One last thing, Chris Armold's name has an "m" not an "n". :)

TS-3 Loop.JPG

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Paul Reijnders

As Already said, your helmet is not a TS-3. It is a surplus fixed loop M-1 with replaced chin straps.

 

Scott "Bugme" Stevens asked me to jump in, so here is some usefull information.

 

Regards, Paul

 

In late 1940, the United States set out on a policy to have the best equipped army in the world. To meet this goal the United States Army was given the task of developing a new protective helmet for its soldiers. Knowledge gained by observing the events in the then active European war, suggested that the helmet which was used during the first world war would not provide the protection required. The job of developing this new helmet was given to the U.S.Army Infantry Board at Fort Benning, Georgia, The Infantry Board immediately set out to establish a set of characteristics essential for the new helmet te meet. The Infantry Board stated the following in its report :

Research indicates that the ideal shaped helmet is one with a dome-shaped tap and generally following the contour of the head , allowing sufficient uniform head space for indentations, extending down in the front to cover the forehead without impairing necessary vision, extending down on the sides as far as possible without interfering with the use of the rifle or other weapons, extending down the back of the head as far as possible without permitting the back of the neck to push the helmet forward on the head when the wearer assumes the prone position, to have the frontal plate flanged forward to form a cap-style visor, and to have the sides and rear slightly flanged outward to cause to clear the collar opening.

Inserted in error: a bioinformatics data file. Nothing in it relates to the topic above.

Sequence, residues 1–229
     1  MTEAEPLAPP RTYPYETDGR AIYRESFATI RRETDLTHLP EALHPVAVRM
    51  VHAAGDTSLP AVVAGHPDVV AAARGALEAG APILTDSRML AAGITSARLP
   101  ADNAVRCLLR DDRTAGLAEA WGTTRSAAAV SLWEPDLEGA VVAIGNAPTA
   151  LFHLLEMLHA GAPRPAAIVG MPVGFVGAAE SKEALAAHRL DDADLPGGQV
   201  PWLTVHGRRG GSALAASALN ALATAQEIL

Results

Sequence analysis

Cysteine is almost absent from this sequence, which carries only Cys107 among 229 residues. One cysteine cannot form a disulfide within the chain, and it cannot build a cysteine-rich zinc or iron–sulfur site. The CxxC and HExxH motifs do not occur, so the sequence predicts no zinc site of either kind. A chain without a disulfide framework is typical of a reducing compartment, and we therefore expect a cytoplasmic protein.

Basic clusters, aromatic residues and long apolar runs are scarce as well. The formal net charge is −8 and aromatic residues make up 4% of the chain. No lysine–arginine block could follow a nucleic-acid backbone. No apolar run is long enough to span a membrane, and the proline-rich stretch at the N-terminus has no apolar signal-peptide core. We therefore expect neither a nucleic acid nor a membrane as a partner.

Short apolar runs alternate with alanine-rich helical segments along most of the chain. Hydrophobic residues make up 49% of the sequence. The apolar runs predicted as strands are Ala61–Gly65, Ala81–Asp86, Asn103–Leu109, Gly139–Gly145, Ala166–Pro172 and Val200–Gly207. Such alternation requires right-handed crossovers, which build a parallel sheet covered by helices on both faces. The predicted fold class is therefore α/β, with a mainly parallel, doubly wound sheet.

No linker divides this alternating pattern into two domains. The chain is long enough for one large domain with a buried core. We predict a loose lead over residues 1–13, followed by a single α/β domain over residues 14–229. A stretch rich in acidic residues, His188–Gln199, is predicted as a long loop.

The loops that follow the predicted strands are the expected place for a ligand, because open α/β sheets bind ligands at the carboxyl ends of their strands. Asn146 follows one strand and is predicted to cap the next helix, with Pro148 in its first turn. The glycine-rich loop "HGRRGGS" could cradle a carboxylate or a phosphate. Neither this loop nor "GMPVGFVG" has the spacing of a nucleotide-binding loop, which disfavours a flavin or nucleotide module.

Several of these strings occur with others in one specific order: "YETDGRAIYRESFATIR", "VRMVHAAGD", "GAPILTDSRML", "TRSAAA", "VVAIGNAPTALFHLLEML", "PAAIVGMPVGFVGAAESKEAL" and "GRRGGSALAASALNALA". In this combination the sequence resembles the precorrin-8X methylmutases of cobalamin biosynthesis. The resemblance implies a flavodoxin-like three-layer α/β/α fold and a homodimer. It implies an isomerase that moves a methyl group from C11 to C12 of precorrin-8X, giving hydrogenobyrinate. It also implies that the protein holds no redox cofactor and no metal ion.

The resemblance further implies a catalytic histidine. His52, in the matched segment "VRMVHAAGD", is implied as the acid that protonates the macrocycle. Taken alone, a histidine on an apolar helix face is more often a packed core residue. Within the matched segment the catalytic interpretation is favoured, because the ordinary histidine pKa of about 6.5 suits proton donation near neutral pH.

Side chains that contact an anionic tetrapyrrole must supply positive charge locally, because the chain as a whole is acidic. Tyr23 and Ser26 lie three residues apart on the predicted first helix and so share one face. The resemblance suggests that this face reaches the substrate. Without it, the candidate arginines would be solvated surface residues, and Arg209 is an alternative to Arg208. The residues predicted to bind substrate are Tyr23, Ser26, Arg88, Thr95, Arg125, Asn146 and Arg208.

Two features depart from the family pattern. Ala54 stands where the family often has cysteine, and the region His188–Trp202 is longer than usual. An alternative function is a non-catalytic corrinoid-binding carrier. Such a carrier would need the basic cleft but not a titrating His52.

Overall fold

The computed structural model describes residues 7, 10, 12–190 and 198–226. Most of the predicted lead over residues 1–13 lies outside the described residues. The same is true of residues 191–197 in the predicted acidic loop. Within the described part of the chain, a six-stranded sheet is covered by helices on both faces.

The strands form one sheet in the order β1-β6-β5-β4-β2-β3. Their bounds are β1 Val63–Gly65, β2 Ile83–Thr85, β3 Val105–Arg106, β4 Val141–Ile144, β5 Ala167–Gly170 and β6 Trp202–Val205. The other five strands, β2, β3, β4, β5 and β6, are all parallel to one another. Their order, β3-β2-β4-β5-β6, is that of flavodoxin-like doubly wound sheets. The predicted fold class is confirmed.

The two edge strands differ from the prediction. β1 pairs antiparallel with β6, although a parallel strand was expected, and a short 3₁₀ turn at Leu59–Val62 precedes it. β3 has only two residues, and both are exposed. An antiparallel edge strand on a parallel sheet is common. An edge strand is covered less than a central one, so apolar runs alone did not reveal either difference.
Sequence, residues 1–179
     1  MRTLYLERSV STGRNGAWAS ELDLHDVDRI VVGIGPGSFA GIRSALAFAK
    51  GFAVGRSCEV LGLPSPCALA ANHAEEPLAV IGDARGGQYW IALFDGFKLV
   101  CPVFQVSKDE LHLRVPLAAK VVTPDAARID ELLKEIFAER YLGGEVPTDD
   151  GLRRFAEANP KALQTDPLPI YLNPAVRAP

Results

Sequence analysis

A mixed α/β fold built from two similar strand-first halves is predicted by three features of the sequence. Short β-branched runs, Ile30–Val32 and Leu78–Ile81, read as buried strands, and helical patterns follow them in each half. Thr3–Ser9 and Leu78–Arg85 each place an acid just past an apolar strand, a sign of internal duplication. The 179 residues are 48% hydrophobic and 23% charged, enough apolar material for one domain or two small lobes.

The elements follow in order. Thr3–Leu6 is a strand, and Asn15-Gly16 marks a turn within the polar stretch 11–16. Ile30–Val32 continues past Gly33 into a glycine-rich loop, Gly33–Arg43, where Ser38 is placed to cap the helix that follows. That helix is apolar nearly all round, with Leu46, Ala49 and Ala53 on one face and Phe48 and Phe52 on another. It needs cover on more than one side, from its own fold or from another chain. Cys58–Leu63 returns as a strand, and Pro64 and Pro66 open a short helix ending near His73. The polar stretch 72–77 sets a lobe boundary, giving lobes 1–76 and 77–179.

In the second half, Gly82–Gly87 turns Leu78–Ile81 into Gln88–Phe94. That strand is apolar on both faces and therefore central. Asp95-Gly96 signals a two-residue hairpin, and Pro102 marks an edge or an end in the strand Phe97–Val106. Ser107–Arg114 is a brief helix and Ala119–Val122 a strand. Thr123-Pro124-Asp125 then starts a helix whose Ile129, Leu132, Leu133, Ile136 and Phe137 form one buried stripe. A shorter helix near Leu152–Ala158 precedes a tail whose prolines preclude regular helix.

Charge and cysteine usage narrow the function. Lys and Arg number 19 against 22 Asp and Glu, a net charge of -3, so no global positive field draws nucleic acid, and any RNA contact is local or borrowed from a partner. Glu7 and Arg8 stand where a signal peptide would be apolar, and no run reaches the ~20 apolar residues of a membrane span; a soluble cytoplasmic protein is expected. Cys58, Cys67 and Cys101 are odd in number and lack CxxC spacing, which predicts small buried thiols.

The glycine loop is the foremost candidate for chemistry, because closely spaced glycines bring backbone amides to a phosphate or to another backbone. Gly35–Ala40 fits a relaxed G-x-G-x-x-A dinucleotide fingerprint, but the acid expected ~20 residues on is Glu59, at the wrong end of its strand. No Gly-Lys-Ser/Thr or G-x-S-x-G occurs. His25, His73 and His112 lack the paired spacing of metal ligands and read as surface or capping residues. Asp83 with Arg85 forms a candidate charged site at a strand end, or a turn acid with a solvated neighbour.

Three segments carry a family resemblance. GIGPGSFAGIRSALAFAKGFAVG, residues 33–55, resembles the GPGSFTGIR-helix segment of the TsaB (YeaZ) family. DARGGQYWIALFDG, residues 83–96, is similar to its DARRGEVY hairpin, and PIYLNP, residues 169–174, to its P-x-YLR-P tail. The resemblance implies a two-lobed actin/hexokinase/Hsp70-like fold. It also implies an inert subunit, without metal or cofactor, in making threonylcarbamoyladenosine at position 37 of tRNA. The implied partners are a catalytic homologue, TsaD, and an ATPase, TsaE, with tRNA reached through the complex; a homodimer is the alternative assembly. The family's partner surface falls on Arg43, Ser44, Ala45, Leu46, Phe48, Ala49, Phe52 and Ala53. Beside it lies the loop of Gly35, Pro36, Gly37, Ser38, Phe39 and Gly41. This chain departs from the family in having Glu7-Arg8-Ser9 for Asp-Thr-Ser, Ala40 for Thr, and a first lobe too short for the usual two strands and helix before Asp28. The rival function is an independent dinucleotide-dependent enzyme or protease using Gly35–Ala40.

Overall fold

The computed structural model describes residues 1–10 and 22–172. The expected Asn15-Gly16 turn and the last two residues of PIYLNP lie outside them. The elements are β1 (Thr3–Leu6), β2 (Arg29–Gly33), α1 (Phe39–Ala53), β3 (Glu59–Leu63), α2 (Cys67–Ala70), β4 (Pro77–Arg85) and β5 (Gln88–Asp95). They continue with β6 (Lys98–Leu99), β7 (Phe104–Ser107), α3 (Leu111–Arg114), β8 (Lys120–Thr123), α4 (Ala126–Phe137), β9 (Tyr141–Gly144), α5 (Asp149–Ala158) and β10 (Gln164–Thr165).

The idea of a helmet and a separate liner had been suggested as early 1932, but research into this goal was halted in that same year as the idea did not seen feasible at the time. With the need for a new helmet in late 1940, the Army again sought a two piece helmet. The reason behind the two piece helmet was that with such an item, the helmet liner could be worn by itself in forward areas in place of he standard garrison cap, and when combat was necessary, the soldier could quickly don the heavy steel body. With this preliminary specification written out, development of the new helmet began in earnest.


STEEL BODY DEVELOPMENT

On 6 January 1941, shortly after the Infantry Board had issued it’s report, the U.S.Army Ordnance Department officially began to attack the problem of developing a new “pot-shaped” helmet.The Ordnance Department began to acquire an assortment of many different types of foreign helmets, then in use in the European war, for ballistic and metallurgical test purpose .At this time the Ordnance department requested the services of the personel at the Metropolitan Museumof Art in New York.
On 7 February 1941 the McCord Radiator and Manufacturing Company of Detroit, Michigan was awarded a contract by the Ordnance Department to produce sample dies and 200 sets of experimental helmet bodies and liners. McCord was awarded this contract since it was the only American company engaged in the production of combat helmets, having been given a contract by the Rock Island Arsenal to produce M-1917A1 helmets for the U.S.Army on 27 November 1940. McCord met the challenge and the manufacture of the 200 sample helmet bodies produced bij the sample dies was begun in March 1941.